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Safe Harbor

Many employers have sponsored a 401(k) plan and were excited to maximize their personal contributions into the plan only to find they had to reduce their annual contribution because the plan failed to meet the nondiscrimination tests which are required to ensure that the non-highly compensated employees (NHCEs) are benefitting from the plan fairly in comparison to the owners or highly compensated employees (HCEs). This can be a frustrating situation and can be remedied in a couple of ways.

First, the employer can implement a communication and education campaign to better explain the benefits of participation and contribution to all employees with primary goal of getting more NHCEs to participate and those who are participating to contribute more each pay period. Alternatively, the employer could modify their plan to include a “Safe Harbor” plan provision. 

Beginning January 1, 1999, employers are not required to perform nondiscrimination testing if their plan design meets certain employer contribution requirements called Safe Harbor provisions. To qualify for this exemption, the employer must make one (but not both) of the following two contributions:
 
  1. Matching Formula – The employer is required to provide to each non-highly compensated employee a 100 percent match on salary deferrals up to 3 percent of compensation and a 50 percent match on salary deferrals between 3 and 5 percent of compensation. This results in a total match of 4 percent of compensation if the employee contributes 5 percent of their pay into the plan. This contribution must be fully vested (meaning the employee is entitled to 100% of their account balance—including the employer match balance—when they leave the plan).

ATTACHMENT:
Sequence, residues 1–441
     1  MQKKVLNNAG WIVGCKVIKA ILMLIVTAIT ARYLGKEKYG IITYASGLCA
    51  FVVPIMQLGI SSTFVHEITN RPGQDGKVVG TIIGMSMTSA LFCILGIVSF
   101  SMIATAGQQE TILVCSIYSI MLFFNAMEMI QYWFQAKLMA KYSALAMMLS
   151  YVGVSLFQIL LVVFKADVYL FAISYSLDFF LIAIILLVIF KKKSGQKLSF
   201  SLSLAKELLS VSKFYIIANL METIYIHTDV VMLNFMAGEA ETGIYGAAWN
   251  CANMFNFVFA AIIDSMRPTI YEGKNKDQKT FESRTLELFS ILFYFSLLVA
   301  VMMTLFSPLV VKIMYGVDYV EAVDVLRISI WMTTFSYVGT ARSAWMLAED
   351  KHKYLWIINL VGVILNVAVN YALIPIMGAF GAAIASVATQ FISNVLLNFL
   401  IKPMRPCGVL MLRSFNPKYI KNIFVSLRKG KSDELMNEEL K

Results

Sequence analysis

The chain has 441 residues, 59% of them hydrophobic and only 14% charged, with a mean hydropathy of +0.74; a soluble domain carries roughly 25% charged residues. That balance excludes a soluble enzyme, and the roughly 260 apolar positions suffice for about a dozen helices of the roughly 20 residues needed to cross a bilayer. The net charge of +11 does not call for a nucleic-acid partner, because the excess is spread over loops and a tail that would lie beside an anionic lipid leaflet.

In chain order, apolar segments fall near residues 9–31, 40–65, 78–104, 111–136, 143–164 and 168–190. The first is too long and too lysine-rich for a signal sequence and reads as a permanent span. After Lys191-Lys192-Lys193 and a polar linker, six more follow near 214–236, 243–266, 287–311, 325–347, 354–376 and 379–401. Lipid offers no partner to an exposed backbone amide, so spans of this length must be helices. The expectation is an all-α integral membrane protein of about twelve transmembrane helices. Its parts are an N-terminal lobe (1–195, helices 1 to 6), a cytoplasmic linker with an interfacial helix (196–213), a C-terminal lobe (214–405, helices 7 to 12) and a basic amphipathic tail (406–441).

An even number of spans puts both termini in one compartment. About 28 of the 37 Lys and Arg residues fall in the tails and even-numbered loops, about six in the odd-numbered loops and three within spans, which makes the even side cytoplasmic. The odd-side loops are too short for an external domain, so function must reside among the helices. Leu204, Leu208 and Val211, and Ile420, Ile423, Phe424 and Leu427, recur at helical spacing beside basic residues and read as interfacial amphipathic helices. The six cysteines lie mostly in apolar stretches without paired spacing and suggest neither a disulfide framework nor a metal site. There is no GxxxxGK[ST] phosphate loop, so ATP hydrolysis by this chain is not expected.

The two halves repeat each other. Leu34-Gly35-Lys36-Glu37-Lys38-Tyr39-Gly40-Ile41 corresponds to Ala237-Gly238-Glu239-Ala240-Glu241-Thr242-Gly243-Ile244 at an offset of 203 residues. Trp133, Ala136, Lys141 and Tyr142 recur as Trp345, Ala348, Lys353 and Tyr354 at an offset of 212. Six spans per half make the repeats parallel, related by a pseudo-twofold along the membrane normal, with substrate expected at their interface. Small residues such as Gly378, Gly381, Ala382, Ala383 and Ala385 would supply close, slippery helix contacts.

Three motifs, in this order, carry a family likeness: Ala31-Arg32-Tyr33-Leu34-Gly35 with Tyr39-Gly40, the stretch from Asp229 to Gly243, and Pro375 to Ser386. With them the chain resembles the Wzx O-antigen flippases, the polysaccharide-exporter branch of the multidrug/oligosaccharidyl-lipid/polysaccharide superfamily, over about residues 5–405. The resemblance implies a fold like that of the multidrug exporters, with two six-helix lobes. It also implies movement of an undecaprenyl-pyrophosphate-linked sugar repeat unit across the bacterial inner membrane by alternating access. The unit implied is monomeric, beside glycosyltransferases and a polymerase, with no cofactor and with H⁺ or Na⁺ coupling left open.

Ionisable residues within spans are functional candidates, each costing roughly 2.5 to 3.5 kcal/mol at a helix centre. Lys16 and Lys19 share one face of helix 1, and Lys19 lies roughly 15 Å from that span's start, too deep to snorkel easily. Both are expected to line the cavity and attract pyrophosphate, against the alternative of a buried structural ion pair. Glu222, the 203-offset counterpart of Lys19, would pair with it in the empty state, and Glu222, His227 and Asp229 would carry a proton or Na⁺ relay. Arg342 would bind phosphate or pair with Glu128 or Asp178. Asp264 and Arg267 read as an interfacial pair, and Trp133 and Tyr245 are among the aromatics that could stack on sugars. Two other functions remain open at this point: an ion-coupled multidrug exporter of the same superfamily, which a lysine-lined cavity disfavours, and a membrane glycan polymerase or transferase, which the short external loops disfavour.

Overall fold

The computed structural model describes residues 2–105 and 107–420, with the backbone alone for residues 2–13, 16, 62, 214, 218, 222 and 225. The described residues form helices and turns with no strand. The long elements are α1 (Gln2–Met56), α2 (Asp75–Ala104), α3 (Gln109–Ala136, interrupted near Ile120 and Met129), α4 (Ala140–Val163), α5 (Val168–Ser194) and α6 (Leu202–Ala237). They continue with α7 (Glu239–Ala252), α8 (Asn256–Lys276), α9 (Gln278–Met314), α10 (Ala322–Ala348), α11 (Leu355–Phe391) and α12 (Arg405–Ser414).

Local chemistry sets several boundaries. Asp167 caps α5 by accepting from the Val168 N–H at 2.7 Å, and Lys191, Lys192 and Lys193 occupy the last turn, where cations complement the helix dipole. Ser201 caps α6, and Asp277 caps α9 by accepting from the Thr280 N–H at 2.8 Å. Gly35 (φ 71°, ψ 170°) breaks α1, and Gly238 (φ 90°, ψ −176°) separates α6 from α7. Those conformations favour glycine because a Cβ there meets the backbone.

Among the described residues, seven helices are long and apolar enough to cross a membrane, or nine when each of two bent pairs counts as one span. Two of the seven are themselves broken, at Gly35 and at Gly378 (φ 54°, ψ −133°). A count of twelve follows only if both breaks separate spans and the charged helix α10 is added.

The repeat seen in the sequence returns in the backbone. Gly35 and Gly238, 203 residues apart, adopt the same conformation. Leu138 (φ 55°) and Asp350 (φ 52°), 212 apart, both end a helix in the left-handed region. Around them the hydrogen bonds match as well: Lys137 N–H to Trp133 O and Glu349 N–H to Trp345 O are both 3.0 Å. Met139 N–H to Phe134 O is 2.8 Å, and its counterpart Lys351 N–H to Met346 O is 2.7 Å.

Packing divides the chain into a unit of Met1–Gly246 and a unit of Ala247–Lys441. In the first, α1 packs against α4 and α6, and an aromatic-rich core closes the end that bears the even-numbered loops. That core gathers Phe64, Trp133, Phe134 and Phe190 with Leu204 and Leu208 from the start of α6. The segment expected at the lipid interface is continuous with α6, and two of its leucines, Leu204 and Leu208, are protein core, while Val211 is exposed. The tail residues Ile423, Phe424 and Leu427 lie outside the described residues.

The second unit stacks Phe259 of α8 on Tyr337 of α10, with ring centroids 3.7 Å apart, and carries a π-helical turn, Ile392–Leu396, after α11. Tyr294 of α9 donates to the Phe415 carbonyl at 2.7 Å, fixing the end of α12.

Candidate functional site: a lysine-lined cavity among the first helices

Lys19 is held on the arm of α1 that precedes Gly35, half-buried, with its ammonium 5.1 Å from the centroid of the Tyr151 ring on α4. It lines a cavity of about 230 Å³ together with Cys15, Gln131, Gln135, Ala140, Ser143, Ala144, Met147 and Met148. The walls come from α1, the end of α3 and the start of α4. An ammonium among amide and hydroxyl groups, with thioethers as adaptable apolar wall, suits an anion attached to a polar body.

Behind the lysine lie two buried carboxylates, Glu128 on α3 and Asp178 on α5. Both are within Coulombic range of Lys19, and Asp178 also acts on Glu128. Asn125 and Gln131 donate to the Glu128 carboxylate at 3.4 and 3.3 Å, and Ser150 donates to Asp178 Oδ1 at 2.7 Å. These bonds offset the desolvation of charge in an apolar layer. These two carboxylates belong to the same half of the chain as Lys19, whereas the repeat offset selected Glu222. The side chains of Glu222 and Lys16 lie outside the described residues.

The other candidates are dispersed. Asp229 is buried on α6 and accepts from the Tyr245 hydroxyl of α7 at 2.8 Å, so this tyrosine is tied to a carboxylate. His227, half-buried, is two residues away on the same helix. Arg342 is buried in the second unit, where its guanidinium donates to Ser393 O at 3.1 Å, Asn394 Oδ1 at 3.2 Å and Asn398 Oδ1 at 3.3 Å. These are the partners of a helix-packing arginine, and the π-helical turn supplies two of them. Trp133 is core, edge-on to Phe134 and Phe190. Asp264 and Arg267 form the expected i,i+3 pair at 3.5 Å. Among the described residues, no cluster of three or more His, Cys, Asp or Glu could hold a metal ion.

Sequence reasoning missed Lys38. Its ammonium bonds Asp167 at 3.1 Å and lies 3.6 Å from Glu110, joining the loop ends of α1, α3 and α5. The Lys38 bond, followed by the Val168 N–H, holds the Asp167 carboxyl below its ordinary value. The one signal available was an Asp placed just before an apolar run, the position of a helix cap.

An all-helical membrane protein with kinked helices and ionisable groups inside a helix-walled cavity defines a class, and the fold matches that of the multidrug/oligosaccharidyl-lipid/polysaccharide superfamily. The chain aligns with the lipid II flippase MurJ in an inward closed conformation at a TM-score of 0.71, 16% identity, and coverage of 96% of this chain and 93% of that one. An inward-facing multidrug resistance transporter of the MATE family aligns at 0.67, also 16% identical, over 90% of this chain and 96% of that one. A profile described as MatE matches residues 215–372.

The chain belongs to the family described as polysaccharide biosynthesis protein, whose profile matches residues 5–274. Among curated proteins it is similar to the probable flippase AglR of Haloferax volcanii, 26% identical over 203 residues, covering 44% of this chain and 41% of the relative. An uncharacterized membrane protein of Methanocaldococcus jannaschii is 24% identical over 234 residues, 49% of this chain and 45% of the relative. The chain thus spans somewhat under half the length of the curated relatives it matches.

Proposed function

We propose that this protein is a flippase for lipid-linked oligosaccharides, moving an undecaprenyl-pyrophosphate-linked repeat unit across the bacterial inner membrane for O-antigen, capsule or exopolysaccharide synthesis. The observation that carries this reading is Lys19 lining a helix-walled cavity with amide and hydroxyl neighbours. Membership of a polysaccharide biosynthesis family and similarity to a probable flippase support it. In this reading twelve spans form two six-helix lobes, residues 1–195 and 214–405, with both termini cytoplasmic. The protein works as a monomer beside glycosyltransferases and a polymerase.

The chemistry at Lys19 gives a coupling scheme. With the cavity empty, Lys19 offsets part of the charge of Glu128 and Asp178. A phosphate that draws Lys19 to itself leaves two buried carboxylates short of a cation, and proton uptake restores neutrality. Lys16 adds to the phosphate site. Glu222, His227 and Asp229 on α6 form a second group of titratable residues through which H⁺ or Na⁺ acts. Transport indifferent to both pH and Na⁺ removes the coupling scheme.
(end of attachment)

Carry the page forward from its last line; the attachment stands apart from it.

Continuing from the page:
2. Non-Elective Contribution – The employer is required to provide non-highly compensated employees a contribution of 3 percent of their compensation. This contribution must also be fully vested.  
Upon satisfying the above requirements, owners and highly compensated employees are able to defer up to $17,500 in the 2014 calendar year. If the plan participant is age 50 or older he or she is able to defer an additional $5,500 (called a “Catch-up Contribution). 

In this type of plan, the benefits of not having to pay for the added expense of nondiscrimination testing may offset the required employer contributions.